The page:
Lindsey Davis


Londinium, Britannia

August, A.D. 75


It depends what we mean by civilization,' the procurator mused.

Staring at the corpse, I was in no mood to discuss philosophy. We were in Britain, where the rule of law was administered by the army Justice operated in a rough-and-ready fashion so far away from Rome, but special circumstances meant this killing would be difficult to brush aside.

We had been called out by a centurion from the small local troop detachment. The military presence in Londinium was mainly to protect the governor, Julius Frontinus, and his deputy, the procurator Hilaris, but since the provinces are not manned by the vigiles, soldiers carry basic community policing. So the centurion attended the death scene, where he became a worried man. On investigation, an apparently routine local slaying acquired 'developments.'

The centurion told us he had come to the bar expecting just a normal drunken stabbing or battering. To find a drowned man headfirst down a well was slightly unusual, exciting maybe. The 'well' was a deep hole in a corner of the bar's tiny backyard. Hilaris and I bent double and peered in. The hole was lined with the waterproof wooden staves of what must be a massive German wine container; water came nearly to the top. Hilaris had told me these imported barrels were taller than a man, and after being emptied of wine they were often reused in this way.

When we arrived, of course the body had already been removed. The centurion had pulled up the victim by his boots, planning to heave the cadaver into a corner until the local dung cart carried it off. He himself had intended to sit down with a free drink while he eyed up the attractions of the serving girl.

Her attractions were not up to much. Not by Aventine standards. It depends what we mean by attractive, as Hilaris might muse, if he were the type to comment on waitresses. Myself, I was that type, and immediately as we entered the dim establishment I had noticed she was four feet high with a laughable leer and smelled like old boot liners. She was too stout, too ugly, and too slow on the uptake for me. But I'm from Rome. I have high standards. This was Britain, I reminded myself.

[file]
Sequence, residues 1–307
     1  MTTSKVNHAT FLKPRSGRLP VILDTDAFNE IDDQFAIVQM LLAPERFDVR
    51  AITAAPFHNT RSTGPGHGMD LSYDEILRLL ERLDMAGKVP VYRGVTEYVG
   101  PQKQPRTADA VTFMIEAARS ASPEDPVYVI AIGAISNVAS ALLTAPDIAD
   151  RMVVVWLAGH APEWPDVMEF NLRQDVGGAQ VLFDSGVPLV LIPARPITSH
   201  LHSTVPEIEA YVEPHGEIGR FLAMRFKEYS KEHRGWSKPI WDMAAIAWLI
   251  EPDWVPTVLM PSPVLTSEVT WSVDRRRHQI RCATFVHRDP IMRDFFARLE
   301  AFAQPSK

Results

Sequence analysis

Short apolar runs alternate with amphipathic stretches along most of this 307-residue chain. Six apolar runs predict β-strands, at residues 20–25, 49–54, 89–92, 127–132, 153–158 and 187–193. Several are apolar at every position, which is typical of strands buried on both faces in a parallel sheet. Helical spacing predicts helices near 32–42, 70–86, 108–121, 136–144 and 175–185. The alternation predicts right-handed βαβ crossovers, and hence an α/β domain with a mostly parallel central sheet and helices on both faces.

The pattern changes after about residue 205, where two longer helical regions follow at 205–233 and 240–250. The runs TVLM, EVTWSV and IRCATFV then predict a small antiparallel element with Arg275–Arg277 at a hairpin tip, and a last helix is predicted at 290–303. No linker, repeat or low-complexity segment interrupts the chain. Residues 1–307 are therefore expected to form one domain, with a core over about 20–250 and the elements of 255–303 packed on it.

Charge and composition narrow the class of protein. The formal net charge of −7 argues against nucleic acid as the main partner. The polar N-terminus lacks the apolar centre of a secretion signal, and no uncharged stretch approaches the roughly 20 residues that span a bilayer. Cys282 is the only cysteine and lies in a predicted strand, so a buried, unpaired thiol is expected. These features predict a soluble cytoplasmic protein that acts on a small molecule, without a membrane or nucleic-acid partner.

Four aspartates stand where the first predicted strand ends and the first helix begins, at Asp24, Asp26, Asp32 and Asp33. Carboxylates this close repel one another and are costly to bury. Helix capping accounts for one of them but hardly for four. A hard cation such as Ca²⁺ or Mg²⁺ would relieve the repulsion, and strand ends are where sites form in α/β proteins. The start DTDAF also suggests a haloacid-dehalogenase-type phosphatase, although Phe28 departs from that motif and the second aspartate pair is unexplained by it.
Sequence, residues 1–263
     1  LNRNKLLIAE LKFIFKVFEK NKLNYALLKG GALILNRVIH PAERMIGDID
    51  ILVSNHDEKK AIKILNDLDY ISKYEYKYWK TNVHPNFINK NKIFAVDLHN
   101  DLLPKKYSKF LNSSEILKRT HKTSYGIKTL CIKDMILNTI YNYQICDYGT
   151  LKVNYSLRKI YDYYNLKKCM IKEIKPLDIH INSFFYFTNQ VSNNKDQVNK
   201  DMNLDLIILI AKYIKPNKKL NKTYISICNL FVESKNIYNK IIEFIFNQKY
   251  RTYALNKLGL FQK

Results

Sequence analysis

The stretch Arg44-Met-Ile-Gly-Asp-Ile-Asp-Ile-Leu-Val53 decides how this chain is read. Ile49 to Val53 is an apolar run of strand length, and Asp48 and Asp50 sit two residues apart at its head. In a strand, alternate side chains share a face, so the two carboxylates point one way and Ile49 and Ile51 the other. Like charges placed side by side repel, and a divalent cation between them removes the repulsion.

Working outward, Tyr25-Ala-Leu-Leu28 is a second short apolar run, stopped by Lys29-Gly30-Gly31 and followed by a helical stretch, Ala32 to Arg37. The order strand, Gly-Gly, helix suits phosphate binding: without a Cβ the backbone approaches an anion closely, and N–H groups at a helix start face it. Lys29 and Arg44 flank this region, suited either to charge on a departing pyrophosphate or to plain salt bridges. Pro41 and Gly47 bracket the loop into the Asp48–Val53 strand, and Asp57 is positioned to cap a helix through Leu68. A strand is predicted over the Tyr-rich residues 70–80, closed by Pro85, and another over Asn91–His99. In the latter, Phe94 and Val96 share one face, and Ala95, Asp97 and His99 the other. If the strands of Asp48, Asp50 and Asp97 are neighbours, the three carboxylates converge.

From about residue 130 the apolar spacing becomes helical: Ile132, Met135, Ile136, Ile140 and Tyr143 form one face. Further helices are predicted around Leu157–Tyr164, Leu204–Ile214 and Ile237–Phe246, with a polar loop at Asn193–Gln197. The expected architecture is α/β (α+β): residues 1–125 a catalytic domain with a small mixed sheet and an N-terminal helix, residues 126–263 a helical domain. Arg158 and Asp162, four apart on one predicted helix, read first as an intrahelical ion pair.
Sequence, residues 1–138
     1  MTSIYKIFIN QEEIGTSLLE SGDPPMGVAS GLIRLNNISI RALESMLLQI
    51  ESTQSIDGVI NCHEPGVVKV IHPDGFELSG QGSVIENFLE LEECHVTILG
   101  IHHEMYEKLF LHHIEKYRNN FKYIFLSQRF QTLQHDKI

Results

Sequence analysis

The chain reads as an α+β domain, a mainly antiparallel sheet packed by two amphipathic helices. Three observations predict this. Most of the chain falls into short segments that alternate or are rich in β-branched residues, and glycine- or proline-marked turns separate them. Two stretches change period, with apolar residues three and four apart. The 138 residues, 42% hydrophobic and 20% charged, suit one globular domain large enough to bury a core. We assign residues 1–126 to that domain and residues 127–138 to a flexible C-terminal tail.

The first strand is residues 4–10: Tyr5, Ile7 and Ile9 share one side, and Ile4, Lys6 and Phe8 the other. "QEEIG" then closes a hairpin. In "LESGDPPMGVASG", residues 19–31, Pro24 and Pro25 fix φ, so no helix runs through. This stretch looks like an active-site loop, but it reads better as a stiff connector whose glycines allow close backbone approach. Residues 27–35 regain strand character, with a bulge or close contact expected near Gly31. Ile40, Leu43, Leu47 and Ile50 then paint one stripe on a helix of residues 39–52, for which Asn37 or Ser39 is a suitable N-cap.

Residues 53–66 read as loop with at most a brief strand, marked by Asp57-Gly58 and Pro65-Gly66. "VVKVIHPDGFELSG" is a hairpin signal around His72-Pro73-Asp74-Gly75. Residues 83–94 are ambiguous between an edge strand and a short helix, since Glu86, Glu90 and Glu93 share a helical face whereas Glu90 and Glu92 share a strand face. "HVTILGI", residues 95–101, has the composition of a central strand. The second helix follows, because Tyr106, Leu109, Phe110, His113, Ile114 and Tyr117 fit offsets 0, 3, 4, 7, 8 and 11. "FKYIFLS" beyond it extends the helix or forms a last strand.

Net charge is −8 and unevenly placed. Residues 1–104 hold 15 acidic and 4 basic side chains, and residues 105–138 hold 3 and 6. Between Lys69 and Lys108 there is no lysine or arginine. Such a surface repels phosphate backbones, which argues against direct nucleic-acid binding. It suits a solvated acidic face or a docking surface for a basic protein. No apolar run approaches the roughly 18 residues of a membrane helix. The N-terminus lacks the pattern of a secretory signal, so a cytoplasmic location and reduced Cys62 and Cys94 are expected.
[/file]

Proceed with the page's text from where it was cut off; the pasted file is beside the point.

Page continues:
There was certainly no chance of anyone getting free drinks now that Hilaris and I were here. We were official. I mean really official. One of us held a damned high rank. It wasn't me. I was just a new middle-class upstart. Anyone of taste and style would be able to sniff out my slum background instantly.

'I'll avoid the bar,' I joked quietly. 'If their water is full of dead men, their wine is bound to be tainted!'

'No, I'll not try a tasting,' agreed Hilaris in a tactful undertone. 'We don't know what they may stuff in their amphorae…'

The centurion stared at us, showing his contempt for our attempts at humor.

This event was even more inconvenient for me than it was for the soldier. All he had to worry about was whether to mention the awkward 'developments' on his report. I had to decide whether to tell Flavius Hilaris-my wife's Uncle Gaius-that I knew who the dead man was. Before that, I had to evaluate the chances that Hilaris himself had known the casked corpse.

Hilaris was the important one here. He was procurator of finance in Britain. To put it in perspective, I was a procurator myself, but my role- which involved theoretical oversight of the Sacred Geese of Juno-was one of a hundred thousand meaningless honors handed out by the Emperor when he owed someone a favor and was too mean to pay in cash. Vespasian reckoned my services had cost enough, so he settled up remaining debts with a joke. That was me: Marcus Didius Falco, the imperial clown. Whereas the estimable Gaius Flavius Hilaris, who had known Vespasian many years ago in the army, was now second only to the provincial governor. Since he did know Vespasian personally, then (as the governor would be aware), dear Gaius was the emperor's eyes and ears, assessing how the new governor ran the province.